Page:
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North Korea fires ballistic missile in resumption of testing

People at the Seoul Railway station watch a TV showing a file image of North Korea's missile launch during a news program on Sunday, Feb. 27, 2022.
Ahn Young-joon
People at the Seoul Railway station watch a TV showing a file image of North Korea's missile launch during a news program on Sunday, Feb. 27, 2022.

SEOUL, South Korea (AP) — North Korea launched a ballistic missile into the sea on Sunday, its neighbors said, in a resumption of weapons tests that came as the United States and its allies are focused on Russia's invasion of Ukraine.

The North Korean launch was the eighth of its kind this year and the first since Jan. 30. Some experts have said North Korea is trying to perfect its weapons technology and pressure the United States into offering concessions like sanctions relief amid long-stalled disarmament talks. They say North Korea also might view the U.S. preoccupation with the Ukraine conflict as a chance to accelerate testing activity without any serious response from Washington.

Japanese Defense Minister Nobuo Kishi said the North Korean missile flew about 300 kilometers (190 miles) at a maximum altitude of about 600 kilometers (370 miles) before landing off North Korea's eastern coast and outside Japan's Exclusive Economic Zone. No damage to vessels or aircraft has been reported, he said.

"If North Korea deliberately carried out the missile launch while the international community is distracted by the Russian invasion of Ukraine, such an act is absolutely unforgivable," he told reporters. "Whatever the motives are, North Korea's repeated missile launches are absolutely inexcusable and we cannot overlook considerable missile and nuclear advancement."

South Korean officials said they also detected the launch from the North's capital area and expressed "deep concerns and grave regret" over it.

During an emergency national security council meeting, top South Korean officials said the timing of the launch, amid Russia's invasion of Ukraine, "is not desirable at all for peace and stability in the world and on the Korean Peninsula," the presidential Blue House said.

The U.S. Indo-Pacific Command said later Sunday it condemned the launch and called on North Korea to refrain from further destabilizing acts. A command statement said the U.S. commitment to the defense of South Korea and Japan "remains ironclad," though Sunday's launch didn't pose an immediate threat to U.S. territory and that of its allies.

The launch came a day after North Korea made its first response to the Ukraine war in the form of an article by a government analyst that expressed support for Russia and slammed the United States.

"The basic cause of the Ukraine incident lies in the high-handedness and arbitrariness of the United States, which has ignored Russia's legitimate calls for security guarantees and only sought a global hegemony and military dominance while clinging to its sanctions campaigns," Ri Ji Song, a researcher at a North Korean state-run institute on international politics, said in a post published on the website of the Foreign Ministry.

Ri accused Washington of "arrogance" and "double standards" because it describes its rivals' defense measures as provocations or injustices.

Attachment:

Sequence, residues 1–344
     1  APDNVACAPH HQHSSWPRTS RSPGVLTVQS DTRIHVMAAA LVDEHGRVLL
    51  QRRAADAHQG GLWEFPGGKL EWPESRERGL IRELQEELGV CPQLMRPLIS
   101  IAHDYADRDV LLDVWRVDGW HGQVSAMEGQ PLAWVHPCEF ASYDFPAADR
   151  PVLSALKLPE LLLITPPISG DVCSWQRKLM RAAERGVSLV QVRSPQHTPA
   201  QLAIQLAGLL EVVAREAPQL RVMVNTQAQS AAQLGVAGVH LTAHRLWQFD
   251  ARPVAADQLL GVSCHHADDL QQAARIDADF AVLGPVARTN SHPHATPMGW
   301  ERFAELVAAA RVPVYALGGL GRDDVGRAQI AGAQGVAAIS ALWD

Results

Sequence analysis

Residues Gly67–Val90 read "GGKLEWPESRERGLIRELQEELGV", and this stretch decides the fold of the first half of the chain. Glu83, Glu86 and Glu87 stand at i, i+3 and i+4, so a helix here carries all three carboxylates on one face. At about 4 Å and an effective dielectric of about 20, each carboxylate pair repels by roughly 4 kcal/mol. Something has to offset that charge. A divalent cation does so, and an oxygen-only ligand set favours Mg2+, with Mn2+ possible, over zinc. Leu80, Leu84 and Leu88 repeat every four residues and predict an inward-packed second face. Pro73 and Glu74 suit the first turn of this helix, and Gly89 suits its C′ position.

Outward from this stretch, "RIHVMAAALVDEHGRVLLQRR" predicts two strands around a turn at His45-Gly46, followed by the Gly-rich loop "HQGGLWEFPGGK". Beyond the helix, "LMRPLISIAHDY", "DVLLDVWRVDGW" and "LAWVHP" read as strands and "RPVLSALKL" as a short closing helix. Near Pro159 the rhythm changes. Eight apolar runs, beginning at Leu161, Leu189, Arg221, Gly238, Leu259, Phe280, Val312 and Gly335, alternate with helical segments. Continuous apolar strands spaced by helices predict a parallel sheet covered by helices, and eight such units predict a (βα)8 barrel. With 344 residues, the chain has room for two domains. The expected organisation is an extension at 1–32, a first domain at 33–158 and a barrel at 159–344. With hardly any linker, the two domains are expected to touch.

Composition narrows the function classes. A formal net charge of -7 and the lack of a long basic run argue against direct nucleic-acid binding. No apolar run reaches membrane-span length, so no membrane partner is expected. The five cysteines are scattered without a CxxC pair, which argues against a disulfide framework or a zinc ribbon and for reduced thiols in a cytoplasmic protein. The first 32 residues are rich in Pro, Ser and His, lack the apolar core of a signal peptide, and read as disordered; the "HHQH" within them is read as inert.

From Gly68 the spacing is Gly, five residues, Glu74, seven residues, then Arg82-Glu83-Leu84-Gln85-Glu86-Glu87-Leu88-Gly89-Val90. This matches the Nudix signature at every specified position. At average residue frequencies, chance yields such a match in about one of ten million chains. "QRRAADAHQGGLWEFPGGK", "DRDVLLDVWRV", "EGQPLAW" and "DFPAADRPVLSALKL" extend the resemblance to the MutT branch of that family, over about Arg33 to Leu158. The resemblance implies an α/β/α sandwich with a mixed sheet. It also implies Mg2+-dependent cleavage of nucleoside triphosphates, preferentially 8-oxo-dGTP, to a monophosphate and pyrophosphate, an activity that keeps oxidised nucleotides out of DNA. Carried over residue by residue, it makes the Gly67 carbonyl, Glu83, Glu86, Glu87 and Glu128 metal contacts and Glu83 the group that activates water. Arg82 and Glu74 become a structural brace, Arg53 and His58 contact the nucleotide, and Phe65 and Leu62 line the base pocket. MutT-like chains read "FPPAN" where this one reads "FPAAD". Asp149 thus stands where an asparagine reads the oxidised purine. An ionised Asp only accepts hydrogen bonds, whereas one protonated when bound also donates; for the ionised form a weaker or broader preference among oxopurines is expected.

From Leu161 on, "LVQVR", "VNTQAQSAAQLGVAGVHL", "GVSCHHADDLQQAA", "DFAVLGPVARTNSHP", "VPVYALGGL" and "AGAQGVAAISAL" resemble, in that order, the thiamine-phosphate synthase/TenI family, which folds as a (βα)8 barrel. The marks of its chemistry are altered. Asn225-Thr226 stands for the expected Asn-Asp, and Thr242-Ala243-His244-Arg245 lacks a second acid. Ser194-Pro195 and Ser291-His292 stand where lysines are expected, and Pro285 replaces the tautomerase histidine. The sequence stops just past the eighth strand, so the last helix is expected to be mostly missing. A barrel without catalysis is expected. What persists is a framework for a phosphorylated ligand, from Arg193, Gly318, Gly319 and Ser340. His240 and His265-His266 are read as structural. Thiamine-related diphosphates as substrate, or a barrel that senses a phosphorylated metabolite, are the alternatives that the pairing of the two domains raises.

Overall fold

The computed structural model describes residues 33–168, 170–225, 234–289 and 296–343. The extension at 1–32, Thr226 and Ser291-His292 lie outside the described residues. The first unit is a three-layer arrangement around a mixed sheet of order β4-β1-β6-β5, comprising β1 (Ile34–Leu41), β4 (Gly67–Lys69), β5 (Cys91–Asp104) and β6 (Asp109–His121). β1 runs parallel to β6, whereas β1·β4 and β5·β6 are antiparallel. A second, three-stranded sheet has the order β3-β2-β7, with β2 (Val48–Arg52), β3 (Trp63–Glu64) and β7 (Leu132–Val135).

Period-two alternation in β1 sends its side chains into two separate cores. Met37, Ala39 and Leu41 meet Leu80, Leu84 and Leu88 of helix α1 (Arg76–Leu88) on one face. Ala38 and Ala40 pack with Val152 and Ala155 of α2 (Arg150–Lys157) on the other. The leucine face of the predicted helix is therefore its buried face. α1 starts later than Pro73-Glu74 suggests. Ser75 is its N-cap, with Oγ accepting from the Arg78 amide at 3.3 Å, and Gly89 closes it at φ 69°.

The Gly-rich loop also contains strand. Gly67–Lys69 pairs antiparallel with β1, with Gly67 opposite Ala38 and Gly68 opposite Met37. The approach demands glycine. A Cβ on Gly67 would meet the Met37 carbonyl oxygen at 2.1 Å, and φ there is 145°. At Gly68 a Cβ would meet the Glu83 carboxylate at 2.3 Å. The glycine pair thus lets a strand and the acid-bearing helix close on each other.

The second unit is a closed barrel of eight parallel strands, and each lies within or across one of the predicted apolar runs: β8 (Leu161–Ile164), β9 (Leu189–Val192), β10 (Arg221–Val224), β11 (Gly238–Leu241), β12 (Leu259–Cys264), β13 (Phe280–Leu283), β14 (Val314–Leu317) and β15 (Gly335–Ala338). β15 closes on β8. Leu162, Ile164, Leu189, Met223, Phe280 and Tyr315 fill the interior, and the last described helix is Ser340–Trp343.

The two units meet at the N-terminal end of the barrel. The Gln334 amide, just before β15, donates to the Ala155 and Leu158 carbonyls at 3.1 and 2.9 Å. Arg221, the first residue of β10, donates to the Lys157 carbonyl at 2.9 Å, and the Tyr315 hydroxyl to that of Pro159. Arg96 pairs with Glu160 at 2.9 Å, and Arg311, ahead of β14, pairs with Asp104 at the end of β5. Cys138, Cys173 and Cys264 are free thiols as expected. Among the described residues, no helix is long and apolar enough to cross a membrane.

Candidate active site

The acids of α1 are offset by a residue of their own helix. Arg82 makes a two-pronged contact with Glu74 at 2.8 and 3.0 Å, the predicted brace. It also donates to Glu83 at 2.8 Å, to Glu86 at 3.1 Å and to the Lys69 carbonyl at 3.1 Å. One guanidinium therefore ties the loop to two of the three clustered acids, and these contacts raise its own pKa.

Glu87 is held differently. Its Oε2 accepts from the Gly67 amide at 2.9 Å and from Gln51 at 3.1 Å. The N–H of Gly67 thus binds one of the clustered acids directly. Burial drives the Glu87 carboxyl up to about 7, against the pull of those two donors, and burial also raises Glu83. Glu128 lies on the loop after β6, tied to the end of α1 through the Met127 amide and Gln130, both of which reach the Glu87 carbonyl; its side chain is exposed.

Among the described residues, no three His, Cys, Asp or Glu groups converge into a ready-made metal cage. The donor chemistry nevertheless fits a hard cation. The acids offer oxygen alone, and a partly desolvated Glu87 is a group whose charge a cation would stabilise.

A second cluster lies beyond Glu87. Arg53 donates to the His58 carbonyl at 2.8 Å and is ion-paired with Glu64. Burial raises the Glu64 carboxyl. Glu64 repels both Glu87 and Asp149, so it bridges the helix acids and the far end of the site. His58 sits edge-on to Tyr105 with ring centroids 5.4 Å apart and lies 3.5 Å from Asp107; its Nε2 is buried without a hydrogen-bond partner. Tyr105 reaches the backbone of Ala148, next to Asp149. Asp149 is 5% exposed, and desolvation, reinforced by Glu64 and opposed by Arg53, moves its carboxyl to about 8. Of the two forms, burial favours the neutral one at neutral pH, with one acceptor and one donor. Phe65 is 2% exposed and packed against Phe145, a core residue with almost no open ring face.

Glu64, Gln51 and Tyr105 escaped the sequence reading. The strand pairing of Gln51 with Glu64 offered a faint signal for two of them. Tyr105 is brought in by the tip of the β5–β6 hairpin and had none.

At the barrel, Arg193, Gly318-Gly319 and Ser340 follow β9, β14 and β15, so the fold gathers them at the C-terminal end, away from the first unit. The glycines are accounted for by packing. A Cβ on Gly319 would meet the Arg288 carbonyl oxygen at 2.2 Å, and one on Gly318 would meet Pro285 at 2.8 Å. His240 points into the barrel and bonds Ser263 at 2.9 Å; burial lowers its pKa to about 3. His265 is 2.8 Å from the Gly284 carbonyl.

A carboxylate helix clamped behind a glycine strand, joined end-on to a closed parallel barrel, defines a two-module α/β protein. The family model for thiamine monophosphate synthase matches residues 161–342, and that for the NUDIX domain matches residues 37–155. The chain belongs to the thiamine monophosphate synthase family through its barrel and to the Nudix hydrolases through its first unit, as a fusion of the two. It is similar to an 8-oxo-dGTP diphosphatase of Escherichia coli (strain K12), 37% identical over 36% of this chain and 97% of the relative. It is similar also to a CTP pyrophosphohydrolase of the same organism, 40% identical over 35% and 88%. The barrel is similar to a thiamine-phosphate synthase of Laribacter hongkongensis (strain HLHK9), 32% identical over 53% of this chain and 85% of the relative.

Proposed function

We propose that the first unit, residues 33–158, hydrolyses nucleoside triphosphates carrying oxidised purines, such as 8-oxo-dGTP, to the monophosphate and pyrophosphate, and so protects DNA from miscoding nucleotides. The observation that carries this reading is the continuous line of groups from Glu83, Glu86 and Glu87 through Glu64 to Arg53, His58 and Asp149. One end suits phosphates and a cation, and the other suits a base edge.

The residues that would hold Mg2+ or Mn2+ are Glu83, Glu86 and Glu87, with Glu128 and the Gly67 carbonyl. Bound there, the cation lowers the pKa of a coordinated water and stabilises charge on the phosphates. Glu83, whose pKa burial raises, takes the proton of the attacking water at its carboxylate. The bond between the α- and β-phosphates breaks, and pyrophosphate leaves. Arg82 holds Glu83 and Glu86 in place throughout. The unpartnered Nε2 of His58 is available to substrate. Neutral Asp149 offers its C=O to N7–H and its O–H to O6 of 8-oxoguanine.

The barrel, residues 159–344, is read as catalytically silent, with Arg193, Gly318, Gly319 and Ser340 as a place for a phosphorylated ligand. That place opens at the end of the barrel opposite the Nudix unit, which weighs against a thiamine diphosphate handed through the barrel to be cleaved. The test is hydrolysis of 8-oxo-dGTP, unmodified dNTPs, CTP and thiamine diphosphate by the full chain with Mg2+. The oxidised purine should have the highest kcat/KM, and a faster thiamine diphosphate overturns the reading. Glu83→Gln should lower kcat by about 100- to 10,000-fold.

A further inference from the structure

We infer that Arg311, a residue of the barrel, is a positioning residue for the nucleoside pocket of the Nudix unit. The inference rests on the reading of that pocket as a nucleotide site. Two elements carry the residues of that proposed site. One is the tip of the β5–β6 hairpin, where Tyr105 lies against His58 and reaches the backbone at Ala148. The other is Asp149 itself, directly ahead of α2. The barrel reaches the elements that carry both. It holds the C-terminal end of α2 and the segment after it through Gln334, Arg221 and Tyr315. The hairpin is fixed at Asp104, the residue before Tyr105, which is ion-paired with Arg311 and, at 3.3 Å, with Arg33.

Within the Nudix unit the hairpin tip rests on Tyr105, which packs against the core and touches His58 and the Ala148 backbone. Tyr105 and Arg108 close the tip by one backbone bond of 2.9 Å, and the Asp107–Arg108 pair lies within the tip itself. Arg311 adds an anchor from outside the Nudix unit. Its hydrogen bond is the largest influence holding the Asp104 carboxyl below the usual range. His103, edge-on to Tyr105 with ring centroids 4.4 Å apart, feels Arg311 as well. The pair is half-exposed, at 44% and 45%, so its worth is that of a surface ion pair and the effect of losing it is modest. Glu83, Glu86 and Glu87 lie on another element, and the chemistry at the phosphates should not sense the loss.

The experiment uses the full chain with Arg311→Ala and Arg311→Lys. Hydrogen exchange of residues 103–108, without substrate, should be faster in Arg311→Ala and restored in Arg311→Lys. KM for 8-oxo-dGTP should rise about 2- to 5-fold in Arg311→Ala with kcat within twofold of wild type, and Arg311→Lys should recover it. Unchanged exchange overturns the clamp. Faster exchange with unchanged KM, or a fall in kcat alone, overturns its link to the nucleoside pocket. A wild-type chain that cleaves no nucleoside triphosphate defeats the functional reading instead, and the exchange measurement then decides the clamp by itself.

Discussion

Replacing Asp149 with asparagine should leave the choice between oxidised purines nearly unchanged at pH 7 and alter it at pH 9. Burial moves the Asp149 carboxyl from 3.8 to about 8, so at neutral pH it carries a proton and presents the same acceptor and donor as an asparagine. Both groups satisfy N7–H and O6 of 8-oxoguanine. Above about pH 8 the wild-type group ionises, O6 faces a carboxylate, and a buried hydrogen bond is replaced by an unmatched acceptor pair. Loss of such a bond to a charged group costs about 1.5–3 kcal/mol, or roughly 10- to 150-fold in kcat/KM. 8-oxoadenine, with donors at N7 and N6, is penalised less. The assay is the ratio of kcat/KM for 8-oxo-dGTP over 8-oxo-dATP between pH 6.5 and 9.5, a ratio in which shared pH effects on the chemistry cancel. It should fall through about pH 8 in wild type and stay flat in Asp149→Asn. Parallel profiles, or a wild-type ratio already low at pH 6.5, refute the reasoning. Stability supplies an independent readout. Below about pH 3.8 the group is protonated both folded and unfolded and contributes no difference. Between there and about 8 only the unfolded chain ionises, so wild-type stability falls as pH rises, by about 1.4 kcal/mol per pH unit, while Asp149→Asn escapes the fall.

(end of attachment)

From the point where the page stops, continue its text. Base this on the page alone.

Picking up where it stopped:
The former Soviet Union was North Korea's biggest aid provider before its disintegration in the early 1990s. Russian President Vladimir Putin has been pushing to restore his country's ties with North Korea in what is seen as a bid to regain its traditional domains of influence and secure more allies to better deal with the United States.

Leif-Eric Easley, a professor at Ewha University in Seoul, said the Biden administration needs to show that it maintains a strategic focus on the Indo-Pacific region, including by responding sternly to Pyongyang's provocations.

"North Korea is not going to do anyone the favor of staying quiet while the world deals with Russia's aggression against Ukraine," Easley said. "Pyongyang has an ambitious schedule of military modernization. The Kim regime's strength and legitimacy have become tied to testing ever-better missiles."

North Korea last month conducted seven rounds of missile tests, a record number of monthly weapons tests since leader Kim Jong Un took power in late 2011. North Korea halted testing activity after the start of the Winter Olympics in China, its last major ally and economic pipeline, earlier this month. Some experts had predicted North Korea would resume weapons launches and possibly test bigger weapons after the Olympics.

Kim sent a message to Chinese President Xi Jinping after the Olympics calling for further consolidating bilateral ties "into the invincible one" in the face of what he called "the undisguised hostile policy and military threat of the U.S. and its satellite forces."

Xi replied to Kim last week, saying China is ready to strengthen bilateral ties, according to North Korea's state media.

U.S.-led diplomacy aimed at convincing North Korea to give up its nuclear program in return for economic and political rewards collapsed in early 2019 when then President Donald Trump rejected Kim's calls for extensive sanctions relief in exchange for limited denuclearization steps during their second summit in Vietnam.

U.S. officials have since repeatedly called for the resumption of talks without preconditions, but Pyongyang has said it won't return to the negotiating table unless Washington ends its hostility toward North Korea.

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The Associated Press
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